Things I'm excited for in JS

Laurie also mentioned two items that would be making their way into the JavaScript standards and those were nullish coalescing and optional chaining. If you don't know what they are, here's an example:

// Nullish Coalescing
var value = null ?? 'default string'; // in this case || will work for null/undefined, but not for falsy values like 0, '', and false


// Optional Chaining
// This helps get property values in a tree like structure without checking intermediary nodes
var street = response.body?.address?.street;
// without optional chaining
var street = response.body && response.body.address ? response.body.address.street : undefined;

For those that have used TypeScript you may already be familiar with optional chaining, but soon JavaScript will permit the reading of deeply nested properties without causing an error.

Delicious JavaScript: Delectable Explanations of the Power of JS

Adrienne Tacke gave a good talk on how she broke down the essential and most commonly used methods in JavaScript using examples centered around dessert. None of these functions were new to me, but I found her perspective on boiling down the explanations to something simple and framing it in a more relatable manner very helpful as a teaching tool. I've been in situations where I feel like I can't explain something any more clearly. However, I already have the familiarity with the function I used and the context I used it in. What ultimately led to the misunderstanding was introducing a new function in an unfamiliar context to someone else and not thinking about how they learn things. Relating the new concept to a context they are more familiar with removes half of the mystery! This is also similar to how I learned RxJS and fell in love with reactive programming, by using RxMarbles. When I wasn't looking at the functions in an abstracted code snippet with data I didn't know about, it was a lot easier to see how the functions behave. When you're first learning some documentation is very intimidating, that's why viewing how the functions work in a more relatable or interactive manner is so helpful.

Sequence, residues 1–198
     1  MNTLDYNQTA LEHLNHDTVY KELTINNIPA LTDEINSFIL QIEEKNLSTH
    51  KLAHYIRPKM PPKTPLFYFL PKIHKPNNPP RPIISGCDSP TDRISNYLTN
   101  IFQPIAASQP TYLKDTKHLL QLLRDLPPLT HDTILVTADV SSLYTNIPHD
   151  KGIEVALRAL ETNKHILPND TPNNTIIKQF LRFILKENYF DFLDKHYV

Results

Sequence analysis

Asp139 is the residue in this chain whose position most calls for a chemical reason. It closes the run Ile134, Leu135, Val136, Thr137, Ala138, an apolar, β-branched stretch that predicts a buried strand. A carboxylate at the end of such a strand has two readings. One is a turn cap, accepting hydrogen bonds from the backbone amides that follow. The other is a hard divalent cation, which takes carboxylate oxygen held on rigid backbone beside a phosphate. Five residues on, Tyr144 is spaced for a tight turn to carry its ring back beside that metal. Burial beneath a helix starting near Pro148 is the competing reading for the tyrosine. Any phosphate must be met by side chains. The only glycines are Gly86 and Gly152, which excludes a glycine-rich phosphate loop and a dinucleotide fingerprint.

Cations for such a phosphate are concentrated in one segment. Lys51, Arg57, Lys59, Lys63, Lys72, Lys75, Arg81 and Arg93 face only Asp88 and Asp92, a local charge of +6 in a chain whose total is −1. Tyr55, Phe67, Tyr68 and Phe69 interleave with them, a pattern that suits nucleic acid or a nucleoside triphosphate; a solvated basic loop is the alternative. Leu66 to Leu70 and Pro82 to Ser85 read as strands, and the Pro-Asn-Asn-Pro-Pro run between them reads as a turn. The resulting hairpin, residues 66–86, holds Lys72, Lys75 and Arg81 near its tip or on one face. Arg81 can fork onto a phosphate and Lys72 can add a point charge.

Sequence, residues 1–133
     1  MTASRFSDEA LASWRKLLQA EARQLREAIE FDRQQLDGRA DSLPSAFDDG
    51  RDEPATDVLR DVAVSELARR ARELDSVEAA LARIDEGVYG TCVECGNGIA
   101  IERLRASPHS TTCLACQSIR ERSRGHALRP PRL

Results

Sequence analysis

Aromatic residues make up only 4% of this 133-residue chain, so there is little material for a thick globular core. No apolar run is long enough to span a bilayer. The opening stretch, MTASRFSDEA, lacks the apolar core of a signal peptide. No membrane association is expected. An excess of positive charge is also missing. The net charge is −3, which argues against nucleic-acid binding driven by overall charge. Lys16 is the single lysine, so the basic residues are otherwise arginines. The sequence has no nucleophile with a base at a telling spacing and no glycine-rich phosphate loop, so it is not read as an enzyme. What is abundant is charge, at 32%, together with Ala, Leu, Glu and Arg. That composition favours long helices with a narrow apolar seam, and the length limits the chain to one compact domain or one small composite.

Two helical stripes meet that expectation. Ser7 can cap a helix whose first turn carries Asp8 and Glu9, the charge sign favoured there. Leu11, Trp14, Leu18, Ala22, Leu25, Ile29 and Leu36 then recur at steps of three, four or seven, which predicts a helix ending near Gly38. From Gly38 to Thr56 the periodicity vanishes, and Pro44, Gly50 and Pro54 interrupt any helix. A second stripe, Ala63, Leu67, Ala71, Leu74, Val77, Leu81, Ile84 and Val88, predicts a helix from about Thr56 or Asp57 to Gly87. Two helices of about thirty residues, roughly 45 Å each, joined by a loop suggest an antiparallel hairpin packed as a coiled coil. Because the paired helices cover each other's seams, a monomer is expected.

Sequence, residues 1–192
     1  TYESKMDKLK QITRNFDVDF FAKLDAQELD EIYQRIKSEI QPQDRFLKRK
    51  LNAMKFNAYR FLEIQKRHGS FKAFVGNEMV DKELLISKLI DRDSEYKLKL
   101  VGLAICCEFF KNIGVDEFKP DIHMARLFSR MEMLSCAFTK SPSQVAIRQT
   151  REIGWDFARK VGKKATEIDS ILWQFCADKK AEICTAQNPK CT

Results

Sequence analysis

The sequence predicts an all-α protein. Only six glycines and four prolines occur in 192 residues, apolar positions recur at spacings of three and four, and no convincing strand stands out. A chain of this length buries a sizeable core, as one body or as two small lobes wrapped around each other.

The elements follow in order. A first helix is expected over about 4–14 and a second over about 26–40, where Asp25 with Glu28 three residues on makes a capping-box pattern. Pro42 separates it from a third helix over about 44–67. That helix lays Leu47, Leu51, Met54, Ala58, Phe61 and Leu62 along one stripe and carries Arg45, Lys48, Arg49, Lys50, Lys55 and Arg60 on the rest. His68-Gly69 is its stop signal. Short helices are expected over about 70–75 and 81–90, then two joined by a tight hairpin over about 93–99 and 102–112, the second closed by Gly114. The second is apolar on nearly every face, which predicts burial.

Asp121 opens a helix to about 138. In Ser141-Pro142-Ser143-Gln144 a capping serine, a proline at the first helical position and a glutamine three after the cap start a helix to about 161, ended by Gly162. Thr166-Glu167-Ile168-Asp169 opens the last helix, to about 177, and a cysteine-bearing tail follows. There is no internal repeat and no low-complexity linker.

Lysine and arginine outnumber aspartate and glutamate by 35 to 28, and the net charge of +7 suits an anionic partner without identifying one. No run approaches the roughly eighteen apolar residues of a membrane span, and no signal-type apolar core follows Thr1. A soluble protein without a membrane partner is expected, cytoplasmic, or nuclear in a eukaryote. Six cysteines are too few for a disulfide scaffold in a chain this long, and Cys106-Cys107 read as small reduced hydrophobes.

A Tinder Love Story: How we created our WordPress blog in React...not PHP.

While probably the least relevant topic of the day, I found Kyle Boss from Tinder to be one of the most engaging speakers and got me interested in trying out Gatsby.js to create a site. Gatsby is a static Progressive Web App generator that leverages React. Gatsby only loads the critical HTML, CSS, JavaScript, and data. Then Gatsby will prefetch resources for other pages, which will make clicking around your site feel fast. Gatsby seems to have a really good use case for a personal site or blog.

Closing

The RVA JavaScript conference was a blast and I'm excited to see what is in store for 2020. Thanks to all of the organizers for such an awesome time!